Presumably, many friends have caught dragonflies in childhood, watching a small and beautiful dragonflies flying in the air, is absolutely a great pleasure of childhood. But if there is a dragonfly with a wingspan of 75 centimeters, would you dare to catch it? If you think I’m flying in the sky, I can tell you clearly that such a dragonfly did exist. It’s called Giant Vein Dragonfly.
Giant Vein Dragonfly, also known as Giant Tail Dragonfly or Big Tail Dragonfly, survived in the Paleozoic Carboniferous 300 million years ago. Compared with modern dragonflies, Giant Vein Dragonflies have nothing special in appearance, but they are surprisingly large in size. The length of their bare wings reaches 75 centimeters, making them the largest known insect ever to appear.
Friends familiar with insects must know that there are two reasons why modern insects do not grow up very well, besides the fact that the body structure of the muscles in the skeleton can not support the body too large, the other is that the breath of insects enters the body cells directly through the trachea, rather than through the medium of blood as vertebrates do, so once the body shape changes. Large, the respiratory tract will be lengthened, which will inevitably affect the speed of oxygen into the body, thus affecting breathing. To sum up, according to the evolutionary view of “survival of the fittest”, large insects are obviously not suitable for living in the modern world.
So how do giant vein dragonflies come into being? So we have to talk about the oxygen content in the atmosphere at that time. Relevant researchers have found that during the Carboniferous period, the Earth’s oxygen content was 20 percentage points higher than it is now, and deduced that the 20 percentage points are enough to sustain dragonflies’breathing. As for how such large dragonflies survive, scientists have also given corresponding analysis, believing that they mainly feed on relatively small insects of the same generation, and even capture some small amphibians.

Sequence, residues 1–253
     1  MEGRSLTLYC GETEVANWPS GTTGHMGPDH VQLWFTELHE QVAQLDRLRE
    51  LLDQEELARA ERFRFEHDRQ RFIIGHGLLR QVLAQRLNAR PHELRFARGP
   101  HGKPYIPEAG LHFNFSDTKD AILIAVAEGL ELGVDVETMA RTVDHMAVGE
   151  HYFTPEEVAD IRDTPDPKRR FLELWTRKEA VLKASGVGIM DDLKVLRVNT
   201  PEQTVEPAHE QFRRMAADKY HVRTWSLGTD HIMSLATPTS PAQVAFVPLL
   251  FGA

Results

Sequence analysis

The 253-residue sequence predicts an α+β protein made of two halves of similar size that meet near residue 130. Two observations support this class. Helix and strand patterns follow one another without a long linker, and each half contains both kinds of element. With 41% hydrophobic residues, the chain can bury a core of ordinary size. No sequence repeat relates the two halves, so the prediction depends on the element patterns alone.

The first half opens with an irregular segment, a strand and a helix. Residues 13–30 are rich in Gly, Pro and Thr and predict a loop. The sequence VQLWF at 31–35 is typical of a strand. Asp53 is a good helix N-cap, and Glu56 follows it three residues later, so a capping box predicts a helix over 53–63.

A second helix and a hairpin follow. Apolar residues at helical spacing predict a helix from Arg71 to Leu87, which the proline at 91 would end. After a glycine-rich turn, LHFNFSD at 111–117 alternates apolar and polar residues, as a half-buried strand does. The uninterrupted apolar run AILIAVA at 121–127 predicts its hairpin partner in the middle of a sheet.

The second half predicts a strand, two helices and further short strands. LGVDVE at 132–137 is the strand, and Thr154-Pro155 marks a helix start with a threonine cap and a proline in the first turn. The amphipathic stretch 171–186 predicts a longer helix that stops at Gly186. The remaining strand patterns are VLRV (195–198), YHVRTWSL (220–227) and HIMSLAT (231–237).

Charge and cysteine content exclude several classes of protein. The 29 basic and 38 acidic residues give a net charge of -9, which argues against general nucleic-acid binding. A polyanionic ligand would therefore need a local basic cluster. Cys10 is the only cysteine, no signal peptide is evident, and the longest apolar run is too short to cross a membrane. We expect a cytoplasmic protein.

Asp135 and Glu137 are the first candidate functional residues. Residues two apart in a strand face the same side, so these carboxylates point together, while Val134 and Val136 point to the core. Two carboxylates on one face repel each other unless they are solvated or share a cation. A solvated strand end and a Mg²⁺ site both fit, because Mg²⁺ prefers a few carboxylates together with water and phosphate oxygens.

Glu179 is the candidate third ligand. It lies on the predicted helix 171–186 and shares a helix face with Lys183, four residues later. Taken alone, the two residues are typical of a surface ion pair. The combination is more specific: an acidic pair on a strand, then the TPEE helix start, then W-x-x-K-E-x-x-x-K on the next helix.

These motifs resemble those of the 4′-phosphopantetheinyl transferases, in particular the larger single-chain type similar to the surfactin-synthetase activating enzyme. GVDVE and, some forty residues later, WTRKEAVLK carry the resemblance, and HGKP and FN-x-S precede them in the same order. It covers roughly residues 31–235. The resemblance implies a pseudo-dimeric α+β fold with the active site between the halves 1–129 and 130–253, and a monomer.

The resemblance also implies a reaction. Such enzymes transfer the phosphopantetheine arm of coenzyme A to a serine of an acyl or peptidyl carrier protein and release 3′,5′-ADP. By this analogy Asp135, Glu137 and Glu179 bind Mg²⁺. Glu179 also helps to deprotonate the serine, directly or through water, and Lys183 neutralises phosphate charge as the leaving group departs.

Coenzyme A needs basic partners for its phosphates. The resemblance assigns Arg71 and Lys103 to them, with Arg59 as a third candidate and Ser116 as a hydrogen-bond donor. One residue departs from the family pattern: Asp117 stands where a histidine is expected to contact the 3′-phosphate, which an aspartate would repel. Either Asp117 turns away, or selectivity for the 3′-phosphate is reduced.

Fossil dragonflies were first discovered in France in 1880. In 1885, Charles Brongniart, a French paleontologist, described and named the fossil and classified it into the order Primitive Dragonflies of Insecta. According to the fossils unearthed, the objective is characterized by a spherical head, a toothed jaw on the head, a long thoracic segment, a long and soft abdomen, similar veins on the front and back wings, slightly longer front wings than rear wings, and strong and spiny feet.
Although giant vein dragonflies once occupied the sky by virtue of their huge size, their prosperity was not long. With the change of climate, the oxygen content in the atmosphere decreased, and the giant vein dragonflies declined gradually, and finally all disappeared in the Permian Period. Only fossil specimens are now stored in the French National Museum of Natural History in Paris, quietly telling visitors about its former glory.